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A healing haven: Good News Clinics celebrates 25 years of free health care
Gainesville health facility is state's largest low-income care provider
Good News Clinics in Gainesville is the largest free clinic in Georgia.

Good News Clinics 25th anniversary dinner

What: Dinner, award presentations, Sinatra tribute

When: 6 p.m. Thursday

Where: First Baptist Church banquet hall, 751 Green St., Gainesville

How much: $50 or $400 for a table for eight

More info:, 770-297-5040, ext. 320 

Good News Clinics in Gainesville has become a rock in recent days for Pam Cofer.

Already struggling from failing eyesight, the Flowery Branch woman had to undergo emergency open-heart surgery in June.

Adding to her troubles: no insurance. She earns too much disability income to qualify for Medicaid, a joint federal-state program that helps with medical costs for some low-income people.

The free health care, including medicines, offered at the clinics at 810 Pine St. “has been a blessing to me,” Cofer said.

“It’s a godsend they’ve put this place here,” added her sister, Christan Cofer, accompanying her sister to an appointment last week.

The Christian-based Good News Clinics holds its 25th anniversary dinner Thursday. It opened in 1992 with a small group of doctors and clergy “concerned about the lack of access to medical care for the indigent and low-income,” according to the center’s written history.

The first patient visits took place in two rooms at the Good News at Noon homeless shelter off Davis Street.

Today, the center, not affiliated with Good News at Noon, serves 3,500-4,000 people annually, with a roster of doctors providing voluntary services.

With an annual budget of $1.4 million, Good News Clinics officials say it provides about $21.8 million in health care services.

“I’ve done a lot of medical mission trips, but I find that I can do a medical mission trip here in the office,” executive director Allison Borchert said.

The clinics have income requirements, such as a monthly income maximum at $3,075 for a family of four and $1,508 for a single person. And patients must be Hall County residents.

“We treat everybody with respect and dignity,” Borchert said. “People who come through our doors may be out of prison or have had hard knocks in life. Just to be treated with respect and dignity and have someone listen to them and care about their story is huge.”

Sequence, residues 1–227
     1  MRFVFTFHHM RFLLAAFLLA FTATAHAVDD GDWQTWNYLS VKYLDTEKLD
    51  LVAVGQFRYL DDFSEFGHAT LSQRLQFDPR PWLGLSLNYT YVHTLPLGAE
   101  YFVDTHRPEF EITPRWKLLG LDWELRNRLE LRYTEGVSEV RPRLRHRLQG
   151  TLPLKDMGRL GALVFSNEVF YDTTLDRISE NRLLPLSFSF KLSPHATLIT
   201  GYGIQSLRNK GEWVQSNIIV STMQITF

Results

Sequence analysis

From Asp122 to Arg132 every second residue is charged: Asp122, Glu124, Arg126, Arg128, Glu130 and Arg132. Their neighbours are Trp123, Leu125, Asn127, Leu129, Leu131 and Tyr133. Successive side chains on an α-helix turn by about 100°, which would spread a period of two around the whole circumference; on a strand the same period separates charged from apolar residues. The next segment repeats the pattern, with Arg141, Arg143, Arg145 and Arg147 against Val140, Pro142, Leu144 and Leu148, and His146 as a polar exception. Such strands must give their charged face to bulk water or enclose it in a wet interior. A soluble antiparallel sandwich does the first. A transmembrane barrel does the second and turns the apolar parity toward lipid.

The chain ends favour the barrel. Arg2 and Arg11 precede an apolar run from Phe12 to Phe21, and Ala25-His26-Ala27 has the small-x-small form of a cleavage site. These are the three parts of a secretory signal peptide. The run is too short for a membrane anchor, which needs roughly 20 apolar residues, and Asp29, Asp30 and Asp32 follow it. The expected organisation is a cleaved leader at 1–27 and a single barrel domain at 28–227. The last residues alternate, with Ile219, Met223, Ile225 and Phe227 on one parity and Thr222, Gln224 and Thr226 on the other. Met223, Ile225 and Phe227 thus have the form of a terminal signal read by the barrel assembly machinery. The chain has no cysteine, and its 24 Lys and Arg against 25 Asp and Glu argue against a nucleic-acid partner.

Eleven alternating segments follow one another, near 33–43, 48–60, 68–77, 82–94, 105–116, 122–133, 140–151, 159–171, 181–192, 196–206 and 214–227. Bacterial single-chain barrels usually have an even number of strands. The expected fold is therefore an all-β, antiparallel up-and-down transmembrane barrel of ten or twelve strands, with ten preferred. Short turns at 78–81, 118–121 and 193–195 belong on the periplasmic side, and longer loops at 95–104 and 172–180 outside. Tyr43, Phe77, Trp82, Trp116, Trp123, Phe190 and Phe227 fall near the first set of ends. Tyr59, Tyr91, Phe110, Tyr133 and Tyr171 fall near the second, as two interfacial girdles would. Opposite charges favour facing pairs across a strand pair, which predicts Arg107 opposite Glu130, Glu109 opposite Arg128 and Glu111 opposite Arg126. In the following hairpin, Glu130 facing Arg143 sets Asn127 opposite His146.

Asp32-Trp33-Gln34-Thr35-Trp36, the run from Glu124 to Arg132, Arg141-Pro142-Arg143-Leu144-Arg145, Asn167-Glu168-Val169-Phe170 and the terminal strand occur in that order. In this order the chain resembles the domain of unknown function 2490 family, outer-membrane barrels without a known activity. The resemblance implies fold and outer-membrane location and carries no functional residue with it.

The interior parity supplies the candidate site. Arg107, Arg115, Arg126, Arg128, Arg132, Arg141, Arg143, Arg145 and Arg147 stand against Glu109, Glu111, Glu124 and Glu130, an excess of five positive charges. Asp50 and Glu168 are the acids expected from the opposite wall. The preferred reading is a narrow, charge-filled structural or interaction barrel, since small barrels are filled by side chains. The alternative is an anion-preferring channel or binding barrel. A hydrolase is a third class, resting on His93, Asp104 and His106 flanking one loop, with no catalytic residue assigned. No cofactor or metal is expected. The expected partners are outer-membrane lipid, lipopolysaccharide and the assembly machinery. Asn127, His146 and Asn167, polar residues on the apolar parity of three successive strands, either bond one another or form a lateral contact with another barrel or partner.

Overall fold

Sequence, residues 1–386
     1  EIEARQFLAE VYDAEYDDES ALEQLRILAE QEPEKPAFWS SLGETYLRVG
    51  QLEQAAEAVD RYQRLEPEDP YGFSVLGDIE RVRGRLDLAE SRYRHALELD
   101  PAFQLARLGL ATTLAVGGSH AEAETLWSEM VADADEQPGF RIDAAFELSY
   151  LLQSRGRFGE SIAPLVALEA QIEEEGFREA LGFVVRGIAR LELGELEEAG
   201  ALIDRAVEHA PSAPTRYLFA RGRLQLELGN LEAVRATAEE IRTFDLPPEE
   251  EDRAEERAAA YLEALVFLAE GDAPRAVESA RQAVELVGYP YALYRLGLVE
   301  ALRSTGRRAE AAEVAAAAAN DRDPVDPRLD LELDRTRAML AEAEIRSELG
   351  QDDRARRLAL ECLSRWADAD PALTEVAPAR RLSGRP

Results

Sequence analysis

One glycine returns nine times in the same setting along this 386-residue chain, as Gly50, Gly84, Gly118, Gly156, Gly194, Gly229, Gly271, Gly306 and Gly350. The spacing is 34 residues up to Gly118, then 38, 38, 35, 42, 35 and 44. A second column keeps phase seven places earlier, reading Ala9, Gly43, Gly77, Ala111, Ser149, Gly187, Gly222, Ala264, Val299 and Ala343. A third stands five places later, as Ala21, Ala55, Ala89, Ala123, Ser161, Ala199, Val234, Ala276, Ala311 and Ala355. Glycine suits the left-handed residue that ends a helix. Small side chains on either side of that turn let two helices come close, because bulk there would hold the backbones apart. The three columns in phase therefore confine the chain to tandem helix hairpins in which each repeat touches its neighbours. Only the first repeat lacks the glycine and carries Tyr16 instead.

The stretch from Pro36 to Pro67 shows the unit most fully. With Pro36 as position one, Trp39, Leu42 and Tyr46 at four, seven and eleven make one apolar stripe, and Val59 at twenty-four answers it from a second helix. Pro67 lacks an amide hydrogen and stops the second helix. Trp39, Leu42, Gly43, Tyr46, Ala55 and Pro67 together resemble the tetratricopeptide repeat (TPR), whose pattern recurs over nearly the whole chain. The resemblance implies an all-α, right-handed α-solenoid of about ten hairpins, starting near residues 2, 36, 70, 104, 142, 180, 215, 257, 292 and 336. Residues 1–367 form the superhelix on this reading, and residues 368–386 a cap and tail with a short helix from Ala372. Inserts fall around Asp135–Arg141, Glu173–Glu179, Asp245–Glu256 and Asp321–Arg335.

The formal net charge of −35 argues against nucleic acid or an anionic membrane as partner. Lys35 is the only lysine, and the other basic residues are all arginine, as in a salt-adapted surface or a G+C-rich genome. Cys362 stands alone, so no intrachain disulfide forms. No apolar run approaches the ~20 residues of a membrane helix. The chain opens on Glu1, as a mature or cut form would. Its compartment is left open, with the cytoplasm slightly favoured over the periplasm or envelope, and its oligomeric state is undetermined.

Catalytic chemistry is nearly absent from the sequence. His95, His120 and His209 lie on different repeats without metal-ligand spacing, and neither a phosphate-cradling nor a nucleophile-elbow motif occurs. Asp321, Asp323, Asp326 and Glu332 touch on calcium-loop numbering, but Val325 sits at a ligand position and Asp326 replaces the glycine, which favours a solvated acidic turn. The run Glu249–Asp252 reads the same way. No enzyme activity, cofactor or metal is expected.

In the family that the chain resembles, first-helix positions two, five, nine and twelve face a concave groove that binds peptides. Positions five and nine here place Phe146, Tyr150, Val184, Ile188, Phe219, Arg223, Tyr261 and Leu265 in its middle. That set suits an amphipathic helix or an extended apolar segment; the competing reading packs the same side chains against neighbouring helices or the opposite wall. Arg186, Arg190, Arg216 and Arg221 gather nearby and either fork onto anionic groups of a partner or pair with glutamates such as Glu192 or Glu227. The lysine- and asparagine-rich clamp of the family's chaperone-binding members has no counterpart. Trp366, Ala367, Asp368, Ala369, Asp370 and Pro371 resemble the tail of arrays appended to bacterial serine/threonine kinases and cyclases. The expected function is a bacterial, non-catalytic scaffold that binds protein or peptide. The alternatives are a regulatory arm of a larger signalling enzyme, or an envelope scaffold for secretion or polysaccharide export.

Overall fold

She said the clinics are “doing collaborations with schools in the area to assist with more than their medical needs.”

In January, Brenau University started a free student-run physical therapy clinic as a partnership with Good News Clinics.

Mary Thigpen, associate professor of physical therapy at Brenau and faculty adviser, has said “we’re trying to teach them not just patient care, but leadership, altruism and how to make relationships. The goals were beyond letting you practice your skills. Part of our code of ethics is to help the community.”

The clinics have taken some big steps over the years. In 1994, money was raised to renovate a storage building to provide three exams rooms. The Green Warren Dental Clinic was added in 1997.

Needing additional room, Good News Clinics moved to the Pine Street location in 2005.

The last physical expansion took place in 2013, with a 2,000-square-foot addition featuring the patient education room, counseling offices, Health Access Initiative and administrative offices.

The clinics’ January 2012 merger with Health Access Initiative made the organization the largest free medical clinic in the state.

The initiative, which gives Good News patients access to free care through 343 volunteer specialists, resulted in more than 4,000 appointments in 2016 — an estimated $4 million in donated services, surgeries, imaging and appointments.

Another huge endeavor at the clinics is its pharmacy, where patients are getting medicines for common health problems to ones that involve serious and expensive-to-treat conditions, such as hepatitis C.

Altruism is one thing, but overall, the “financial piece is ... we are helping the cost of health care stay down,” said Liz Coates, the clinics’ community engagement director.

“It’s been a tumultuous time. Everybody is worried about health care costs — that is the topic that’s out there in politics right now,” she said. “And that’s something we’ve naturally been doing and are continuing to do.”

The clinics are, in effect, helping many patients who would otherwise be served in emergency rooms and hospital rooms.

For many people, “we’re the last stop,” Coates said.